Daina Reid: from comedy performer to directing The Handmaid’s Tale

Starting out in comedy, Daina Reid has become one of Australia's busiest and most respected television directors. Now she's worked on The Handmaid's Tale she's considering the logistics of an international career.
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Image: Daina Reid directs Luke Arnold on set of Never Tear Us Apart: The Untold Story of INXS (2014). Source: supplied. 

If you’re old enough to remember the heyday of Aussie TV comedy in the mid ‘90s, you may recall seeing Daina Reid as the funny girl with the blonde ringlets on shows like Jimeoin, Full Frontal and The Micallef Program. But in one of the more unexpected performer-turned-director career stories, Reid has spent the last twenty-odd years becoming one of our busiest and most respected television directors.

Her credits include (to name just a few): Romper Stomper (Stan), Sunshine (SBS), The Dr Blake Mysteries (ABC), Rush and The Wrong Girl (Ten), as well as miniseries and telemovies like The Secret River, INXS: Never Tear Us Apart and Paper Giants: The Birth of Cleo. A five-time AACTA/AFI Award nominee, Reid was the 2017 recipient of the Australian Director’s Guild’s Michael Carson Award, presented for her overall contribution to Australian TV drama directing.

But in 2018, Reid’s profile took another huge boost when she turned up as one of the directors on Season Two of Hulu’s Emmy Award-winning US drama, The Handmaid’s Tale. It was her first time directing outside of Australia and this experience has launched her into a whole new set of international opportunities, the logistics of which she is currently grappling with as she grabs a moment to talk to Screenhub – before jumping on a plane to get back to the US to work on another TV series. She can’t talk about it yet, but we will reveal this: it’s not the kind of story you’d immediately associate with an Australian female director.

She’d been thinking about working in the States for a while. Her friend and colleague, Australian director Kate Dennis, had worked on the first season of Handmaid’s Tale and been nominated for an Emmy no less. ‘I had been chatting to her about the idea of what would happen if I went,’ says Reid, and so I did a trip over there and was fortunate enough to get a US agent, through my Australian agent (Jennifer Norten at Robyn Gardiner Management) who got me this job. I guess the producers might have thought, ‘We’ve already had one Australian director and she was alright, so let’s try another one!’

The sheer quantity of television being produced in the US right now means that productions are drawing cast and crew from all over the world to fill demand. As for why Australian female directors are getting great gigs like this, Reid says it’s all theoretical, but she does wonder if producers are finding it difficult to locate experienced female directors already working at a high level. ‘Maybe in the US they haven’t been nurtured enough to come through the ranks yet, and for whatever reason, Australia has lots of great working directors who are women.’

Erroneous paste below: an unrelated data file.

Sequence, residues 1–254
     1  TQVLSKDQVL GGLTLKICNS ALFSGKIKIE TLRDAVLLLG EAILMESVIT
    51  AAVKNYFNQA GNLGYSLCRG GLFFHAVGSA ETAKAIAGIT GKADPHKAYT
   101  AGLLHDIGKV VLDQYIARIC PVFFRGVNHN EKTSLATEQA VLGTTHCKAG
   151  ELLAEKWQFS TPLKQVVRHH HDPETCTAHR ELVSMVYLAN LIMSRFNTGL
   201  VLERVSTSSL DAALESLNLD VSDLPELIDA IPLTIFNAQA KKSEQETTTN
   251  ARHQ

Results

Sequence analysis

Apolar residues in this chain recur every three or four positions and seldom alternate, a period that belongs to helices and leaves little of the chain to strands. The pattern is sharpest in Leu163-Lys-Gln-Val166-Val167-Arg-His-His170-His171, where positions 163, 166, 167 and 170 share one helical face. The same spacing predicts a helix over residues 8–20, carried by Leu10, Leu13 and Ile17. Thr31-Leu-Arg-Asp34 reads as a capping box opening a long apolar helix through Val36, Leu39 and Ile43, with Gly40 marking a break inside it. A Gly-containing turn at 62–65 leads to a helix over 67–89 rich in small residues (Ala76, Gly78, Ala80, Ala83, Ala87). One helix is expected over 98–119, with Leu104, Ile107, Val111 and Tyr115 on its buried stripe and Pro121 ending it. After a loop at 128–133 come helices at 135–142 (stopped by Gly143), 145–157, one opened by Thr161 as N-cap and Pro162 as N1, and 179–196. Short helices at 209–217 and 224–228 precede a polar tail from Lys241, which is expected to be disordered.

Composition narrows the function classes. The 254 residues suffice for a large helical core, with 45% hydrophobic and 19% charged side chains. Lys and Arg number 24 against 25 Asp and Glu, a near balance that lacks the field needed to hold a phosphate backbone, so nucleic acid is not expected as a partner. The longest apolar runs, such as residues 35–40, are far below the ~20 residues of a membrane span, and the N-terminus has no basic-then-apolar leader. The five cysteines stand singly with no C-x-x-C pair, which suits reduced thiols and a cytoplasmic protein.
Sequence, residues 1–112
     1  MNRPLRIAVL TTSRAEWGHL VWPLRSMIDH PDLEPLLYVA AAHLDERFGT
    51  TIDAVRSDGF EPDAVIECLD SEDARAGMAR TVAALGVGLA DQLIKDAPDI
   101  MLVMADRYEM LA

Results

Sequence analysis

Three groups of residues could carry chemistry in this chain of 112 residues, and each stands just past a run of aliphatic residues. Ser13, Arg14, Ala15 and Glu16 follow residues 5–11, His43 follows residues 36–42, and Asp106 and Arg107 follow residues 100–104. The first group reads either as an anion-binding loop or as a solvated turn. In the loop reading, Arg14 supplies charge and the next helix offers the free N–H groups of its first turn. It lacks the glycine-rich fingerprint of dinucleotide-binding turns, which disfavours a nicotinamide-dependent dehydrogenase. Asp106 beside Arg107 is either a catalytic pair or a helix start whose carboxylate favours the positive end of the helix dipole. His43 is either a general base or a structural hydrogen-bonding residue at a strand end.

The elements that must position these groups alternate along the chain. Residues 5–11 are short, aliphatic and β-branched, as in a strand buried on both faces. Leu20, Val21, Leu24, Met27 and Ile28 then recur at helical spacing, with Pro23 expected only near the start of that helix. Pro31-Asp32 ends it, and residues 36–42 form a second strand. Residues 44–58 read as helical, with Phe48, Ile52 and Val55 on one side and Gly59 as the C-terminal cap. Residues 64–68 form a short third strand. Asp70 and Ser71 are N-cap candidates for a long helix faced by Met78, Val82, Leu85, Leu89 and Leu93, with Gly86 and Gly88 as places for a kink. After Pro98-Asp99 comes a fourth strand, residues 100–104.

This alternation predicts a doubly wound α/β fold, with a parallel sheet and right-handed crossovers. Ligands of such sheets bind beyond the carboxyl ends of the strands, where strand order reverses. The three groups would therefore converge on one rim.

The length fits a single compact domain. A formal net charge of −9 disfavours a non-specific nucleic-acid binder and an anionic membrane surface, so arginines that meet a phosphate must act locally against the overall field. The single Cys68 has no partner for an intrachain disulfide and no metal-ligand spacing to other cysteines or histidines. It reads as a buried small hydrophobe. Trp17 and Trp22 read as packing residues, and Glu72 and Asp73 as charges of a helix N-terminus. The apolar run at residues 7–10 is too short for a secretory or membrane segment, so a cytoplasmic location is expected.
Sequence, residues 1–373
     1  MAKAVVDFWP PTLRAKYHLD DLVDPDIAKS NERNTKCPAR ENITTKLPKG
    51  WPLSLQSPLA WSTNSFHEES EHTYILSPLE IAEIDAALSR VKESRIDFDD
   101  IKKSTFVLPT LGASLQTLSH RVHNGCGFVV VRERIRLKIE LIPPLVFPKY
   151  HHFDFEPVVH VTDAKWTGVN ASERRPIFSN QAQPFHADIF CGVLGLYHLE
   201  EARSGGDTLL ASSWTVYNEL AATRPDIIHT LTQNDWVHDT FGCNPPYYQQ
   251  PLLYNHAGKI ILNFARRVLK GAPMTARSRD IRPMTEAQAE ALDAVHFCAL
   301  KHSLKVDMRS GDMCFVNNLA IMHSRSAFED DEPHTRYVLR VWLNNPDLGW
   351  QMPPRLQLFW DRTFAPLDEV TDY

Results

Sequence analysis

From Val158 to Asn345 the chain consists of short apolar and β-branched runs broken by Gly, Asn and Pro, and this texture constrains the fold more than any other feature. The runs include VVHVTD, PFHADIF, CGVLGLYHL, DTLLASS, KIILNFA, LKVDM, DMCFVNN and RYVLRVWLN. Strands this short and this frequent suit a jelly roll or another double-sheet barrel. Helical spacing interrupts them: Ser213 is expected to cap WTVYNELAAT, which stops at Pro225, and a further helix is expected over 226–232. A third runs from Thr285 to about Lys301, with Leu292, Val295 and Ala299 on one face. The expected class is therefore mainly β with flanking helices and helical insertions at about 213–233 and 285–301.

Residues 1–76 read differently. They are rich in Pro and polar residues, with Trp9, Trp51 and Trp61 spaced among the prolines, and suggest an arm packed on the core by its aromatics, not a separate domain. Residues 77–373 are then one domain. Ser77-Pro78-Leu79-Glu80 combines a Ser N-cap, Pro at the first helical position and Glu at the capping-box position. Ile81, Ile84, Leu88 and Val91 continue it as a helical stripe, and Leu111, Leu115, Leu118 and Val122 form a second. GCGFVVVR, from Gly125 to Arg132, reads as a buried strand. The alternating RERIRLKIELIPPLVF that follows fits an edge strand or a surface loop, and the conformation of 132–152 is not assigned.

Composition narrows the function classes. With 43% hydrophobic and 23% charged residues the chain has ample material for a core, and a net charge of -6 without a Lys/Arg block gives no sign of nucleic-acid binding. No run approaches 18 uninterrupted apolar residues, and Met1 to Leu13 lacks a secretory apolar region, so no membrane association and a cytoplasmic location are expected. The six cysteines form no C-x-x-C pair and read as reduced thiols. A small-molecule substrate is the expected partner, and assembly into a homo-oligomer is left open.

(The stats suggest there could be something in this. According to Women in Hollywood, in 2017 about 17 per cent of directors working in TV were women in the US, whereas in Australia, our most recent estimates put female TV directors around 26 per cent.)

The two episodes of Handmaid’s Tale Reid directed were key ones, Episode 11 (‘Holly’) and 12 (‘Postpartum’), perhaps the most gut-wrenching and suspenseful chapters of an almost unbearably gut-wrenching and suspenseful show. Asked what differences she found working outside of Australia for the first time, Reid says, ‘the methodology is exactly the same. When I was on set working with the actors it all feels quite familiar except that it was extremely cold. That was not familiar in any way!’

If you’ve seen the relevant episodes you know they take place in a white world, icy with snow and cold with fear. It was minus 20 degrees on Reid’s first day of shooting in Toronto, and she immediately realised she’d need a better jacket.

There may not be too many obvious similarities between the dystopian future ofThe Handmaid’s Tale and the historical settler tragedy of the ABC’s Kate Grenville adaptation The Secret River, but Reid says she drew on that previous experience to pitch for the job.

‘In both stories, it’s one character’s very personal experience,’ she says. ‘Both stories come from established novels, and the thing about novels is that you often get access to the character’s inner monologue, the workings of their inner mind, and you’ve got to find a way to make that translate onto screen. With Handmaid’s Tale we had the voice-over and a lot of it was taken from Margaret Attwood’s book in series one, but you also had the visual style of being so close, with that lovely shallow depth of field. You’re kind of underneath those wings in that bonnet with June. In that tiny space between the edge of her face and her bonnet, that’s her world. With Secret River, I had the same conundrum of how do I portray what this character is feeling about seeing this piece of land that he wants to settle on? Sure, he talks about it with his wife, but it’s his own very personal emotional journey. So we chose a similar way of portraying that with lots of shallow depth of field and close-ups, as well as the wide shots of the landscape.’

Image: Reid by ‘the wall of Gilead’ on location for Handmaid’s Tale.

Is it possible to work globally as a person with a young family?

The question is familiar to many in the industry. ‘We’re trying to work that out now,’ Reid says with a laugh. Currently based in Melbourne, where she lives with her husband and two school-aged children, she was away for ten weeks in one stretch working on The Handmaid’s Tale. ‘It’s a really hard juggle to work out how to stay together when there’s so much travel, and it’s a problem for fathers as well as mothers. It used to be accepted that that’s just what men do, but why should they have to be estranged from their families as well, just because of gender?’